Some questionable publicity concerning some really jarring 3DCG got Golden Kamuy off to a bad start, but the strength of its source material pulled through. I'm one of those people who believe it's better to watch an anime first before reading its source manga, so basically all of the second cours was new to me. I'm told that the show truncated quite a bit of material in order to reach the second season's climax (and that it also cut out scenes that would have otherwise included more 3DCG animals). And what a climax it was. Basically, without going into spoilers, CRAZY SHIT HAPPENS, and there are real payoffs regarding characters that the viewer has gotten to know over the course of 24 episodes. With so many strong episodes this season, the second cours of Golden Kamuy is even better than SSSS.GRIDMAN.

Akane
It turns out Akane was the show's real protagonist. P.S. Spoilers.

Hopefully, word has gotten out by now that Studio Trigger did an excellent job with SSSS.GRIDMAN. I was a bit hesitant going in, since Trigger does falter somewhat frequently, and I was entirely ignorant of the GRIDMAN franchise. In fact, I'm ignorant when it comes to the entire genre, for that matter. Basically everything I know comes from posts by @TheIvanhobe on the Twitter. It turns out SSSS.GRIDMAN is satisfying even for viewers like me. I can only imagine how stoked people who recognized the various callbacks and references must have been. I should probably point out that while I put the second half of Golden Kamuy over SSSS.GRIDMAN, I find SSSS.GRIDMAN to be better if you compare its 12 episodes to the full 24 episodes of Golden Kamuy.

Shirase
That is one blue sky.

I should also mention that while I regard SSSS.GRIDMAN and Golden Kamuy to be among the best shows of the year, both were surpassed by five other shows from earlier in 2018. At the very peak is Sora yori mo Tooi Basho (A Place Further Than the Universe), an anime that even The New York Times recognized as being one of 2018's best. I put Hinamatsuri not too far behind, and then (for pretty different reasons), Hanebado!, Yuru Camp△, and Shoujo☆Kageki Revue Starlight. Overall, a pretty good year for anime. I can't claim that Winter 2019 looks ready to compare with Winter 2018, but maybe there will be some surprises coming up again as well.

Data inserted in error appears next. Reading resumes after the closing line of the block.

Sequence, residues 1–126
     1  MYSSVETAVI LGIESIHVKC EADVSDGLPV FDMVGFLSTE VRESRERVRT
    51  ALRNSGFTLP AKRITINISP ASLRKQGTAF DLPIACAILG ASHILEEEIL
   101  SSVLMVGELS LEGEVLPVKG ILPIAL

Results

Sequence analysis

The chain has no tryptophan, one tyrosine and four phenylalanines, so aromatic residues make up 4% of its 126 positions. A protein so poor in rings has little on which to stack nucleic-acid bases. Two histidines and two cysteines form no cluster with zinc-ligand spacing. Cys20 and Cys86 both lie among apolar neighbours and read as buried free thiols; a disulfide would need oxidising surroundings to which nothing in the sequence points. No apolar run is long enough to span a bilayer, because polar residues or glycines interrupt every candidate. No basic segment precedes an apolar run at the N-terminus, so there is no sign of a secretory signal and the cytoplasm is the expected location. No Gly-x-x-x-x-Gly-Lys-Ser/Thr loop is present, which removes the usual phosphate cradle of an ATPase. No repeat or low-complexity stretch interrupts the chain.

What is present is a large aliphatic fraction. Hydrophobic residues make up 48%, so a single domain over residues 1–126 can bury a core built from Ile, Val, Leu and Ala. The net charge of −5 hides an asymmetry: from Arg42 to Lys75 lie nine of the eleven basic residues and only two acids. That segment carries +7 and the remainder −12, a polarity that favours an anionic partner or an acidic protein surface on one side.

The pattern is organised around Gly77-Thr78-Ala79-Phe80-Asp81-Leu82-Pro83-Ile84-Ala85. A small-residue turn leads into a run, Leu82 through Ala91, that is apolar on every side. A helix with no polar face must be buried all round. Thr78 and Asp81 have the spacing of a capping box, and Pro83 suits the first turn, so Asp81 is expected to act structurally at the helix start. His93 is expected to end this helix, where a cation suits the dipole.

Dated 17 December 2018: Maybe I just like neurotic orange-haired girls

Ranze and Saaya
So who's taller?

Ranze is a pretty minor character in Hugtto! Precure, and even her guest appearance in the most recent episode (44) was rather limited. Nevertheless, I appreciate that she occasionally shows up even if she's not necessarily bitching people out. That said, my enjoyment of her scenes is directly proportional to the amount and degree of sassing and/or highly motivated-but-questionable activities in which she engages.

Saaya and Ranze
Saaya or Ranze?

With regard to Hugtto! Precure itself, the show turned out to be a lot better than I was expecting. It's been consistently fun and it has good little gags. Fortunately, the magic baby did not turn out to be nearly as bad as I had feared. In fact, she can even sort of babble in technically complete sentences now. Seeing as how the magic baby is inevitably going to get her full-grown form back as Cure Spoilers again in the finale, I'm inclined to believe they should have just restored her, like, 20 episodes ago and been done with it. In any case, five will get you 10 that the mouse will still regard her as a love interest even after a year of basically being the magic baby's single parent.